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“They are predators. Every inch of them is just hunger and fury. The energy it must take him every minute not to be like that.”
This description by George of Mitchell and his kind (vampires) made me tear up because I can so identify with that statement. I have always felt misaligned to the evil side, a suffering innocent inside dying to be set free.
In my dichotomous world I waver between hunger to achieve my wildest dream and my fury at it not manifesting, while others are blessed. During my addition years, I certainly preyed on men to get what I needed/wanted without any concern for their well-being. the argument in my head goes like this: It’s not all my fault. If one is concerned for one’s own well-being, they are going to ask questions before engaging in what could be dangerous behavior. Valid or not, I still stand by it.
I don’t live like that anymore. However, my fear of self-exposure keeps me from even trying. This in turn makes me resent those that get it, and I end up hating what I seek the most. I’ve been seeing a psychiatrist and a psychologist for around two months now and I am no where near addressing the imagined demons that swim around in my head.
“You know the worst thing about being a ghost? It’s lonely. You’ll give anything for that crumb of comfort; that feel of skin against skin that says “It’s okay, I’m here.” It’s a hunger, a most basic instinct. You might even drag others into this world of the dead; even if it means turning them into monsters too.”
~ Being Human
Series 1, Episode 1
Annie begins describing what it’s like to be a ghost and ends with a darker description of a vampire – Spoiler: [highlight to reveal: who later turns out to be her roommate].
My psycho recommended this program to me and I am loving it.
I could so relate to this description. I am that lonely, that desperate. To compound my situation, I’ve been feeling that ever since I was a kid. It has been satisfied
twice thrice, successfully, in my life, and to my satisfaction, but never again.
It is what I blame for my drug addiction. So desperate for it; my male persona allowed my female persona to be raped and abused by men, whom I have grown to resent/lust at the same time.
Doubling my sorrow is the fact that I have been the vampire too. I have tried to drag others into my world of dead even if it meant turning them into monsters too. I’m not saying my side of the street is clean, but neither is the victims.
No wonder I am alone.
In the near future, a weary Logan cares for an ailing Professor X (Patrick Stewart) in a hide out on the Mexican border. But Logan’s attempts to hide from the world and his legacy are up-ended when a young mutant arrives, being pursued by dark forces.
I have a bone to pick with my nephew and his “great” review. I thought it was okay at best when the fourth generation x-men (?) can barely exert their powers to defend, and at only one percent of Laura’s (Dafne Keen) strength? There was another sore point for me…
…was it the obviously defeatist way the x-men story has some to a close, only to learn that an adamantium bullet would’ve killed Logan (Hugh Jackman) despite his lack of will?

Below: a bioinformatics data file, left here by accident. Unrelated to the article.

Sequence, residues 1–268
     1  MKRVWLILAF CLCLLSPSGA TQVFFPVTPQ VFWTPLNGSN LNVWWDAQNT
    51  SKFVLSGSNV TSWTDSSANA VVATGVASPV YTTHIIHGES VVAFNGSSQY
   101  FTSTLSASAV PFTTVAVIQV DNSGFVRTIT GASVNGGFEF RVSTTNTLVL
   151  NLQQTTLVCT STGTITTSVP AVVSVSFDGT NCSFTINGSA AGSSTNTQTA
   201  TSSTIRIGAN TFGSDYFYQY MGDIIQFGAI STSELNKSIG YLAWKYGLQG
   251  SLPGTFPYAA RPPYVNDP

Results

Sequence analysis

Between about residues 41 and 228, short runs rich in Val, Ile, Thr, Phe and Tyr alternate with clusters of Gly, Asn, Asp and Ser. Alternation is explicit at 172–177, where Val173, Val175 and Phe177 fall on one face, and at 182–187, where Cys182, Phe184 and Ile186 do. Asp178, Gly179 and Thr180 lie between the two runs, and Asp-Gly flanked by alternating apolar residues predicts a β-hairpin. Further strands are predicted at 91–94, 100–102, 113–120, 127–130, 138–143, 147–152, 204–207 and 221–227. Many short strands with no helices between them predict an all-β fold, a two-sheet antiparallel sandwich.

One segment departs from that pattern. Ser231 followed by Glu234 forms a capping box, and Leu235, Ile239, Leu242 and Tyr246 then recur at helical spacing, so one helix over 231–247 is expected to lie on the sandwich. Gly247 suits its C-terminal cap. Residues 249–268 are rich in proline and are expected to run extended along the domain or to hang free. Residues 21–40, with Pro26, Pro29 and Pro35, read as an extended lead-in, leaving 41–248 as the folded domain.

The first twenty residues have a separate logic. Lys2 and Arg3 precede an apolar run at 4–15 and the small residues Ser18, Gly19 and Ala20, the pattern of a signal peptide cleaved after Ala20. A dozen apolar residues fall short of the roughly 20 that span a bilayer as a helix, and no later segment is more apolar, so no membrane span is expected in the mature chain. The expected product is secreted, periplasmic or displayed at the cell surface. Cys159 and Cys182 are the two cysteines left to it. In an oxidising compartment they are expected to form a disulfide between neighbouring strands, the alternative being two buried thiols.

Oh, yes! If fifth generation x-man (?, the “bad guy”) was so impervious, why was there only one?
An adaptation of the fairy tale about a monstrous-looking prince and a young woman who fall in love.
I connected with the beast primarily for the exact same reasons; and with Belle for being different. All this connecting allowed me to become vulnerable during the movie and feeling the entire sadness of this tale, which I never realized before.
I loved the music! Big, grand and showtuny!
Dan Stevens (The Beast) was hot without all the make up, though with the make up he was just as hot! I find Emma Watson very attractive. Gaston was kind of hot too. I loved that one scene shot of his “gun” during his musical performance, which did not seem very “Disney.”
A young boy named Kubo must locate a magical suit of armour worn by his late father in order to defeat a vengeful spirit from the past.
Awesome animation. Being a fan of all things Asian, I enjoyed the movie with additional enthusiasm, especially the intimate connection to origami.
I found the premise of souls visiting their living family very similar to my Mexican tradition of día de los muertos. However, I just had a conversation about death with my cousin and I now believe in a physical life and a completely separate spiritual life; my soul will not remember my physical life…what’s the point? My views on death are now very pedestrian: we become worm food.
Visual candy and nice heart-warming story.
Chyna Shepherd is a twenty-six-year-old psychology student who survived an extremely troubled past. While visiting Laura Templeton’s house, a farm in the Napa Valley, a serial killer named Edgler Foreman Vess breaks into the house, taking Laura and killing her parents. Chyna survives and manages to follow him. In doing so, she learns of Vess’s captive: a young, innocent girl, Ariel, trapped in Vess’s home far from the Napa Valley. Chyna feels a great sense of responsibility for this girl, and she travels deeper into her nightmare.
Happened to catch this while flipping channels the other day. I definitely remember reading the book, but had no memory about the story; was not even aware it had been made a (television) movie!
I got into it pretty quickly, grateful I had just caught the beginning which refreshed my memory for the rest of the story, which was pretty intense, albeit filled with stupid decisions…of course. I was not sure if it was the editing for television (in the time allotted – 3 hours!), but it seemed like a couple of event’s went unexplained, sloppiness one would expect with television production.
John was looking freaking hot and very psychopathic!